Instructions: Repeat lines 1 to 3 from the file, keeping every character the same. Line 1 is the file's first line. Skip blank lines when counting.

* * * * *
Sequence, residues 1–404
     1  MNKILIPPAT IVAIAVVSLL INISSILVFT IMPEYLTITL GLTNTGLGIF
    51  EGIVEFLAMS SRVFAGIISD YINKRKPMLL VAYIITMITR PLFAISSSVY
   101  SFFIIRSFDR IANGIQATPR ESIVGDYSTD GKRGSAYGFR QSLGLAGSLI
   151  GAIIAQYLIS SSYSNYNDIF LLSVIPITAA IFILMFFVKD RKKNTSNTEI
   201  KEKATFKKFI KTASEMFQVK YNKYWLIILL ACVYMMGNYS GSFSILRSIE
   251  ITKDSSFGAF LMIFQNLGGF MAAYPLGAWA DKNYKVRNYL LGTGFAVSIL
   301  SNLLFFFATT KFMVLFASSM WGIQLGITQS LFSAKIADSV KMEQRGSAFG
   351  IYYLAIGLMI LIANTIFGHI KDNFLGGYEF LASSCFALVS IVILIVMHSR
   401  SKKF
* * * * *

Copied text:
Sequence, residues 1–404
     1  MNKILIPPAT IVAIAVVSLL INISSILVFT IMPEYLTITL GLTNTGLGIF
    51  EGIVEFLAMS SRVFAGIISD YINKRKPMLL VAYIITMITR PLFAISSSVY